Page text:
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Category Theory - is it just "abstract nonsense"

Peter

Well-known member
MHB Site Helper
Jun 22, 2012
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In my reading of various texts on abstract algebra on a number of topics, including recently, tensor products of modules, that a number of authors tend to make use of the concepts of category theory.

Do members of MHB believe it is worth investing time on category theory? Will it bring a better understanding of algebra. Indeed, is it necessary to understand category theory in order to get a good understanding of contemporary algebra?

Further can members inform me of any good textbook treatments or online resources in order to get a basic introduction to category theory.

Peter
 

Fantini

"Read Euler, read Euler." - Laplace
MHB Math Helper
Feb 29, 2012
342
Re: Category Theory - is it just "abstact nonsense"

It's the other way around: a good, firm grasp of algebra will help you understand category theory. This is a trap. I had a colleague who did asked this same question on MathOverflow. You can check here.

Best wishes,

Fantini.
 

ModusPonens

Well-known member
Jun 26, 2012
45
Re: Category Theory - is it just "abstact nonsense"

In my reading of various texts on abstract algebra on a number of topics, including recently, tensor products of modules, that a number of authors tend to make use of the concepts of category theory.

Do members of MHB believe it is worth investing time on category theory? Will it bring a better understanding of algebra. Indeed, is it necessary to understand category theory in order to get a good understanding of contemporary algebra?

Further can members inform me of any good textbook treatments or online resources in order to get a basic introduction to category theory.

Peter
It would be crazy to study category theory before having a good contact with abstract algebra.

But as for the second question, you will have to know category theory to understand modern abstract algebra _ that is, if you want to go deep. This is not the case of a first course on abstract algebra. Hardly on the second. Maybe on the third you can explore more.
 

Fantini

"Read Euler, read Euler." - Laplace
MHB Math Helper
Feb 29, 2012
342
Re: Category Theory - is it just "abstact nonsense"

I believe the take away is: yes, eventually (to both invest time and will it help). But not now. Learn (a good lot) more algebra and then jump in to category theory.
 

Deveno

Well-known member
MHB Math Scholar
Feb 15, 2012
1,967
Yes! I mean, no! Um,err...maybe!

OK, it's like this:

When you first undertake a study of groups, for example, one looks at EXAMPLES of groups. This is to motivate the idea that groups are worth studying in and of themselves, as a unifying concept of what at first appear to be disparate structures.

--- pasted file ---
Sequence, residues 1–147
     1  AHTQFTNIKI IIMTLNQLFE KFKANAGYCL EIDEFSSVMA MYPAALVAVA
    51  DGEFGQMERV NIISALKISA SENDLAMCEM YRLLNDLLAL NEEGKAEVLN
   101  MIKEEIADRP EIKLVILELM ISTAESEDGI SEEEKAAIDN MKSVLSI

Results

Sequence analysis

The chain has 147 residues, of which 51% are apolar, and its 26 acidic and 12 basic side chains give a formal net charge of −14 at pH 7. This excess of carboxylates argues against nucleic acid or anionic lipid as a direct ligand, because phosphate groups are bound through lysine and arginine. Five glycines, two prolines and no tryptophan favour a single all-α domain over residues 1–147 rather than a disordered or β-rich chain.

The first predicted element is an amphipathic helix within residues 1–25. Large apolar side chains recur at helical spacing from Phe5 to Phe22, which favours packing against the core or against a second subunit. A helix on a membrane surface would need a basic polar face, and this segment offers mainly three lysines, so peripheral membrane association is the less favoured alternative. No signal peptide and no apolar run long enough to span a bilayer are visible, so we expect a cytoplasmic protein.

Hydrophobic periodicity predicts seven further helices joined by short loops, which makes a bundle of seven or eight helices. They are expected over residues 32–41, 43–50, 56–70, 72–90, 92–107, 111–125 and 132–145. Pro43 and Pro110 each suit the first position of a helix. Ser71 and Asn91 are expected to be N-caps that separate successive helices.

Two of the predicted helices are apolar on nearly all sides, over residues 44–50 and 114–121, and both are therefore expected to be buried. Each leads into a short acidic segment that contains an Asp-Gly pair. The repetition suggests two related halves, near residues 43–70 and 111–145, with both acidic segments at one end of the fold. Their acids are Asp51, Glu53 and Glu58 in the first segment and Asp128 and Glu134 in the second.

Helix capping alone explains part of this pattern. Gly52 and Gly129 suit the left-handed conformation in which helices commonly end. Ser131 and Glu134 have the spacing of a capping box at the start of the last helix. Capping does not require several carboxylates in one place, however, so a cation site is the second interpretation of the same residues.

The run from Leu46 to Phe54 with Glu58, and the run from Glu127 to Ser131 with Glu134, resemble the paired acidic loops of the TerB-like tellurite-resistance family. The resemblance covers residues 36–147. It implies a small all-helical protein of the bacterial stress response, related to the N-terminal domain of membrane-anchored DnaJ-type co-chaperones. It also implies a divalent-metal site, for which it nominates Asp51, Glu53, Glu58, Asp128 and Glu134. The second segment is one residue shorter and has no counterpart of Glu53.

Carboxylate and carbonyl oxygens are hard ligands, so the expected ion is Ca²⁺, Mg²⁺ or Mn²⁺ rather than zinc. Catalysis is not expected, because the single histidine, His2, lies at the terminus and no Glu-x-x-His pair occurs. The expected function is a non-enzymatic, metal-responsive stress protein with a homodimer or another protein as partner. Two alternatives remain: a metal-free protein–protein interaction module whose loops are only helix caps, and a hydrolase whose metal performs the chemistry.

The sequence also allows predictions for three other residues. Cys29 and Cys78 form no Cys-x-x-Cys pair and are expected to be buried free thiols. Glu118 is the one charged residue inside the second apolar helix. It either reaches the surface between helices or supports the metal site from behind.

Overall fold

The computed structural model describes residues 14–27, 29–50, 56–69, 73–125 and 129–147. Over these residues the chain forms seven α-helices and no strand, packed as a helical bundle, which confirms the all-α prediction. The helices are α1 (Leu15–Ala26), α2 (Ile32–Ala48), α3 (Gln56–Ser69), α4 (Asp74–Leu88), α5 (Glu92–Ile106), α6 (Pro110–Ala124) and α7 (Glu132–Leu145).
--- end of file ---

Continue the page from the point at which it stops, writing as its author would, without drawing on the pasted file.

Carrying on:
As one studies groups, or rings, or modules, or whatever, one notices that certain relationships keep coming up time and again, just with different "names". For example, there are group homomorphisms, that preserve "group-ness", or ring homomorphisms, that preserve "ring-ness", or $R$-linear maps that preserve the $R$-module structure.

Often key concepts can be described solely in terms of these "special kinds of maps", without direct reference to the INTERNAL structure that makes a group a group, or a ring a ring.

Category theory provides a framework to talk about these "generic constructions" and it turns out that this can be handy in both classifying structures, and in deriving certain basic rules of said structures without knowing that much about them. For example, rings have kernels (ideals) so BOOM! we get an isomorphism theorem for free.

A good case in point is "products". In sets, we have the cartesian product, in groups we have the direct product, in topological spaces we have the topological product. In all these cases, we get a certain kind of map (respectively: surjective function, surjective homomorphism, continuous surjection) from $A \times B$ to $A$ and a similar map from $A \times B$ to $B$ that lets us define any pair of "morphisms" $f: C \to A$ and $g: C \to B$ in terms of our "special maps" to get an uniquely defined map:

$f \times g: C \to A \times B$

We do this "in the same way" (or CANONICALLY) by setting:

$(f \times g)(c) = (f(c),g(c))$

so that if $p_1:A \times B \to A, p_2:A \times B \to B$ are our "special maps" we have:

$p_1\circ(f \times g) = f$

$p_2\circ(f \times g) = g$.